Time in Cost-Benefit Analysis
4 Irvine Law Review, 2015, Forthcoming
26 Pages Posted: 5 Oct 2014 Last revised: 10 Mar 2015
Date Written: October 3, 2014
Agencies are accustomed to considering questions of discounting — the process that makes monetary amounts comparable through time. But valuing the future is a distinctive enterprise for reasons that go beyond discounting. This Article explores two basic features of time that create challenges for intertemporal decision making: (1) time’s physical asymmetry, which makes relationships between the present and the future necessarily nonreciprocal, and (2) the subjective experience of time as continuously flowing, which creates definitional challenges in categorizing segments of time as “the future.” Although these features of time may affect any decision procedure, they have particular and concrete implications for the quantitative form of cost-benefit analysis on which American regulatory agencies routinely rely. First, because temporal asymmetry makes present/future relationships nonreciprocal, and because cost-benefit analysis lacks any intrinsic tool for managing distribution, there is a heightened need for supplemental distributional tools when cost-benefit analysis is performed intertemporally. Second, cost-benefit analysis relies upon quantification of the monetized value of future regulatory impacts — a process that depends on identifying the time at which those impacts accrue. Yet time flow creates systematic line-drawing challenges for decision makers who must distinguish between present and future events. To manage these, regulators should at least extend their analyses to the temporal break-even point, or the point in time where aggregate benefits of the rule equal aggregate costs. When decision makers compare future costs and benefits to current impacts, or even to foreign or other impacts, they should be wary of making cross comparisons that do not account for the distinctive qualities of future valuation.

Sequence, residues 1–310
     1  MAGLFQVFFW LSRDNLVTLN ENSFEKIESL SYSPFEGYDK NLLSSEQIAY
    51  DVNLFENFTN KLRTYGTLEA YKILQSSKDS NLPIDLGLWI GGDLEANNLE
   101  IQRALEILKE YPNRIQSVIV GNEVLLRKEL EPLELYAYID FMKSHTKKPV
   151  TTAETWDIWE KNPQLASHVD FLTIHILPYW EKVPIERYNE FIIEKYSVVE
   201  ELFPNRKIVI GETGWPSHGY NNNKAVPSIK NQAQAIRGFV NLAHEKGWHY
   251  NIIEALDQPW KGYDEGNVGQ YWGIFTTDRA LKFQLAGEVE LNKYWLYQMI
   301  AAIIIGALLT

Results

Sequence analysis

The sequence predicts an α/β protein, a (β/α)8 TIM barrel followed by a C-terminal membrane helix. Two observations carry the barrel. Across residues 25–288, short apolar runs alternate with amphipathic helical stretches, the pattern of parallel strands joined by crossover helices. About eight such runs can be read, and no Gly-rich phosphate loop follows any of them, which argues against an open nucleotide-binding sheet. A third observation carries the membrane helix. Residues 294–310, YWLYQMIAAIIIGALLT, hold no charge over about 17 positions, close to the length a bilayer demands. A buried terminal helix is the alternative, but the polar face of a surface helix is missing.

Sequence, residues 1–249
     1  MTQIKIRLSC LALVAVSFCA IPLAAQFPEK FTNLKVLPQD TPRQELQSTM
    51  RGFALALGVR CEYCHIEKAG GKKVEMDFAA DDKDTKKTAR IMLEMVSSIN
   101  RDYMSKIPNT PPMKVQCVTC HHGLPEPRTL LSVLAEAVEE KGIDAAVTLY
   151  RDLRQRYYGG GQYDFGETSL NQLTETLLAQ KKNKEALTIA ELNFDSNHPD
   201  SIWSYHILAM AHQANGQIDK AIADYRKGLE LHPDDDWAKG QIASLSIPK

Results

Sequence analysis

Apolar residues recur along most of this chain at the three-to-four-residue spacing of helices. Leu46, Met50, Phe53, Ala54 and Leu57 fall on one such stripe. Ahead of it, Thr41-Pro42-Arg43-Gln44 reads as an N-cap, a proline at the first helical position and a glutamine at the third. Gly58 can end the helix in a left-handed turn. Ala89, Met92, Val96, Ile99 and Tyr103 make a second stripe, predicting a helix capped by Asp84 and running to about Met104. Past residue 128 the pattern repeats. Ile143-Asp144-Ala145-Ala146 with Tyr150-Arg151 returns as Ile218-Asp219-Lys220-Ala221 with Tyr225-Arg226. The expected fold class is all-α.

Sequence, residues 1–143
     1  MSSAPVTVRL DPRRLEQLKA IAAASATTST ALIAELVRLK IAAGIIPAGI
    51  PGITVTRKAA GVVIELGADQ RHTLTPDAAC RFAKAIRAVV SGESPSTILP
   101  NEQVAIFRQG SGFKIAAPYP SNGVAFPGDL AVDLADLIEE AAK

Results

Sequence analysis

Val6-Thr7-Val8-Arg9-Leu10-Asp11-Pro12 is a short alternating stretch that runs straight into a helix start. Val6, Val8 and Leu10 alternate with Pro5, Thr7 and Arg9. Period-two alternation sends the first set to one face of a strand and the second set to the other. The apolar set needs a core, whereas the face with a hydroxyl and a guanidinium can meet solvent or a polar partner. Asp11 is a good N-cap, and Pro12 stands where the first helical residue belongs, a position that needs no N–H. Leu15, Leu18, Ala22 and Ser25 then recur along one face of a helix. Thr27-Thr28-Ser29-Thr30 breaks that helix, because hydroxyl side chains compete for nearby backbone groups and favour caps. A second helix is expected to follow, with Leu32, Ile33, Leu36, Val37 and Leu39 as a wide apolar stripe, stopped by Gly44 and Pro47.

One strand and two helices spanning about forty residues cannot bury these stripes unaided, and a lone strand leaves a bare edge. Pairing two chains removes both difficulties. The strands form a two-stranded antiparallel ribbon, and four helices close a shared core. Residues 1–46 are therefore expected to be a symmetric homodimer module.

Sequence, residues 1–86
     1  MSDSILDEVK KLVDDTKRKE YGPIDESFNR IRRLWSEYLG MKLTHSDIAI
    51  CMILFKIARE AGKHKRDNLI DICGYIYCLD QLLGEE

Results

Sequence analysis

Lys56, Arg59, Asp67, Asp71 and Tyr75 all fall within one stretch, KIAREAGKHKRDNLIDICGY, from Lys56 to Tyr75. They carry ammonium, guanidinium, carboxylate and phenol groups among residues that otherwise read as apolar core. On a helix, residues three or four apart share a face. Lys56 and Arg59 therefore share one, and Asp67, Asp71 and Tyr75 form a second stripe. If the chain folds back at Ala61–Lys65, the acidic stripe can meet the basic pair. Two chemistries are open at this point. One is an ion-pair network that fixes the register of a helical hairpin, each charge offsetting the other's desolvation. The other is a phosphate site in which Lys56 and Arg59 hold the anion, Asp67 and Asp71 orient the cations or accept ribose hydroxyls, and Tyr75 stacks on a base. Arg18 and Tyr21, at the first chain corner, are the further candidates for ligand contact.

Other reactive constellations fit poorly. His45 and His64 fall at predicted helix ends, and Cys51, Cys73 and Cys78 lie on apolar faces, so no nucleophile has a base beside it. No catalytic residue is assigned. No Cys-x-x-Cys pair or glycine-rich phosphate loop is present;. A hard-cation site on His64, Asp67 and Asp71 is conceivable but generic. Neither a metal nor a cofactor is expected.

Keywords: cost-benefit analysis, law and regulation, time, valuation, discounting, time flow, time asymmetry, entropy, quantification, regulatory benefits, intertemporal impacts, line-drawing, Coase, reciprocal risk
JEL Classification: A13, I18, I12, K1, K2, K3, K4, K20, K23, K32, K39, K40, K49, L50, L51, D70, D72, H43, Z1
Suggested Citation: Suggested Citation